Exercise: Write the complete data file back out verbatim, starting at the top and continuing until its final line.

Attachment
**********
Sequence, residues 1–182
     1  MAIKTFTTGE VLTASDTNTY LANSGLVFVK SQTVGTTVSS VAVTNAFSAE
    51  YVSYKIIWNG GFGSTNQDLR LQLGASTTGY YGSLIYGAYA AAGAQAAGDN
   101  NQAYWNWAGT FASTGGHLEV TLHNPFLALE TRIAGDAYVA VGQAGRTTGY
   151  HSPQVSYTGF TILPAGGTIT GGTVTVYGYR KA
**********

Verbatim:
Sequence, residues 1–182
     1  MAIKTFTTGE VLTASDTNTY LANSGLVFVK SQTVGTTVSS VAVTNAFSAE
    51  YVSYKIIWNG GFGSTNQDLR LQLGASTTGY YGSLIYGAYA AAGAQAAGDN
   101  NQAYWNWAGT FASTGGHLEV TLHNPFLALE TRIAGDAYVA VGQAGRTTGY
   151  HSPQVSYTGF TILPAGGTIT GGTVTVYGYR KA